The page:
One of the many treats of my brief stay at St. Andrews in May was meeting Josh Richards, Assistant Professor of English at Palm Beach Atlantic University and a doctoral candidate at the University of St Andrews. We met quite a few brilliant and eccentric (usually Christocentric, curiously) characters in Scotland, most of whom I hope very much will be lifelong friends. I said to my wife Mary, though, that I suspect Josh Richards, with whom we shared a few memorable meals and scintillating conversations, will be the person we tell our grandchildren about.
I have asked him to write about poetry because it is the great lacuna or emptiness in my education and current reading. His time allowing, I hope very much Prof Richards will write a general introduction to the subject for Unlocking Press in addition to poems and critical essays already in the queue for publication. Without further ado, then, a brief piece about reading poetry that he calls:
A Diversified Diet
Today, I write to you to suggest that you broaden your reading diet to include poetry. Before you roll your eyes and click off to other worlds, let me clear up a few things, and I think my request will seem quite reasonable.
1) I am not saying that you should quit reading novels or that you should read the sort of ponderous novels that you imagine literature professors like me read. In fact, I am not arguing that a majority or even plurality of your reading should be poetry. Less than five percent of your overall reading being verse would be fine. That’s a couple poems for every novel—is that so much to ask, now?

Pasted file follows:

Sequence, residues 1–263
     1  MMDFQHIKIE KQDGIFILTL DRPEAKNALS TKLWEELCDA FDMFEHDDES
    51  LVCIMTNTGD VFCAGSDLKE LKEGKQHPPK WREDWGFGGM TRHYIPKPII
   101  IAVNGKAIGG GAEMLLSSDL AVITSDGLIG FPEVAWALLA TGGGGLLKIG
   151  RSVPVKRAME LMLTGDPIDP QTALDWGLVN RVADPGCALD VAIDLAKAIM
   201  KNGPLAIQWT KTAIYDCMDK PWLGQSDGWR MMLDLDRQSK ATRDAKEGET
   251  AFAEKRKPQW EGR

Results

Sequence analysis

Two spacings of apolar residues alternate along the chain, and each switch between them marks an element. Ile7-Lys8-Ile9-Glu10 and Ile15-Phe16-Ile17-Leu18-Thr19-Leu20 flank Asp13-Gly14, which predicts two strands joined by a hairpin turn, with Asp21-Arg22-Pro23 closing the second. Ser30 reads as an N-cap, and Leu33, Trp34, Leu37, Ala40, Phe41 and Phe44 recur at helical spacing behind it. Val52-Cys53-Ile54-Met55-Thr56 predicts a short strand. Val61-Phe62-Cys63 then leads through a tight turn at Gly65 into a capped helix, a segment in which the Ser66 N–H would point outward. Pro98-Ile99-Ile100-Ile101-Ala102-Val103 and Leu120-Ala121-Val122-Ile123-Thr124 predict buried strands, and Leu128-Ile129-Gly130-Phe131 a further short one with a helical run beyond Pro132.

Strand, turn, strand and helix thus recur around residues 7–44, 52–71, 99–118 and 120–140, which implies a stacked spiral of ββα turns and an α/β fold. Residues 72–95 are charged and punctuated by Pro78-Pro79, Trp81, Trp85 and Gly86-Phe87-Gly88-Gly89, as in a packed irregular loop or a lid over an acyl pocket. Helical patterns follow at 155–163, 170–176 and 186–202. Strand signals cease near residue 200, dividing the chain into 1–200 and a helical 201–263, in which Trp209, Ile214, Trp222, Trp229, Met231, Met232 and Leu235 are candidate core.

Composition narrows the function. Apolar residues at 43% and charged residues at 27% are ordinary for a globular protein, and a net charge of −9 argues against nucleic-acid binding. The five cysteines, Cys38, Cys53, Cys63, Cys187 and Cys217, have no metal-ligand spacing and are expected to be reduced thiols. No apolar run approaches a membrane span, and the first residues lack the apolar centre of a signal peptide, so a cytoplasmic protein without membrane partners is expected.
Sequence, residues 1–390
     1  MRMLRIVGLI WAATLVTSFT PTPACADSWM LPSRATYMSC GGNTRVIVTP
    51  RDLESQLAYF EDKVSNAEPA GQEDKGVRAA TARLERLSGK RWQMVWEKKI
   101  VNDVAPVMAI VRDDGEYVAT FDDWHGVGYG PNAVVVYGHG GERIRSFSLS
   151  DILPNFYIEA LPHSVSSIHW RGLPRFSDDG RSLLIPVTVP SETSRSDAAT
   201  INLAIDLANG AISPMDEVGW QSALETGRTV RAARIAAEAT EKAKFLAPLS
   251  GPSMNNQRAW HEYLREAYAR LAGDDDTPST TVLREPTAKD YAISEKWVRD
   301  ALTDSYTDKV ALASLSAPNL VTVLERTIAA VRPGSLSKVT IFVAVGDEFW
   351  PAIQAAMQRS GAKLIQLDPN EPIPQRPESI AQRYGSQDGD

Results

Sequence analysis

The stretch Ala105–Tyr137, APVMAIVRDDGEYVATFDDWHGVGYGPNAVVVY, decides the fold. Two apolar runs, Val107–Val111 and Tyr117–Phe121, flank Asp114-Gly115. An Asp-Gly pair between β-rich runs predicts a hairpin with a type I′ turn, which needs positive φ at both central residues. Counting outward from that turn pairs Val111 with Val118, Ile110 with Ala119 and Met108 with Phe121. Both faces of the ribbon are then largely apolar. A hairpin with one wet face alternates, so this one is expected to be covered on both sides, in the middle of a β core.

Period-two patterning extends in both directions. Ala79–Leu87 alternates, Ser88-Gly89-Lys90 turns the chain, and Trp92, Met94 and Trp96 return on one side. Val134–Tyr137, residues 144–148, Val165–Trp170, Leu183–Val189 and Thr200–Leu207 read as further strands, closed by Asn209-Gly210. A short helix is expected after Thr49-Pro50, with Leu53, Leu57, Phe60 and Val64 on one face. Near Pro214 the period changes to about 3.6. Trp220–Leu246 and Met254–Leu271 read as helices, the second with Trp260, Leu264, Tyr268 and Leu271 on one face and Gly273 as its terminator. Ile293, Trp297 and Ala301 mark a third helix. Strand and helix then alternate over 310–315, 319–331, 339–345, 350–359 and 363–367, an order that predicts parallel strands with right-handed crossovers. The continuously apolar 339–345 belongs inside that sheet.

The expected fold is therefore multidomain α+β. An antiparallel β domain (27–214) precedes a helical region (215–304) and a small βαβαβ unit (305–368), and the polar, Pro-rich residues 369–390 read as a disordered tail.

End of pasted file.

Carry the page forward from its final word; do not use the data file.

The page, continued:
2) When people think of poetry, they tend to hold three contradictory definitions in their minds at once. That poetry is a) Shakespearean sonnets in Elizabethan English, b) Robert Frost’s “The Road Not Taken” and c) a load of gloomy twaddle where people murkily recapitulate diary entries i.e. Confessional Verse. I am not suggesting that you read any of this stuff. I’ll make suggestions at the end of this essay.
3) Another thing that keeps readers from poetry is they feel that they do not possess the esoteric knowledge to properly appreciate verse. Now, I am not going to lie to you and say that the formal aspects of poetry (properly called prosody) are not every bit as eye-wateringly technical as music theory. However, for the average reader, such knowledge is also utterly unnecessary. Let me use an analogy. My roommate in college and I both appreciated complicated guitar music; he was an amateur guitarist, and I would not know which end of the instrument to hold. He would talk endlessly of the palm-muting or sweep-picking on particular parts—I just thought they sounded cool. Even though I couldn’t appreciate it like he did and parts I considered “pretty nice” may have been jaw-dropping to the expert, it didn’t keep me from listening and enjoying. So it is with poetry. Though you may not know an iamb from a trochee, you can still read verse with both profit and delight.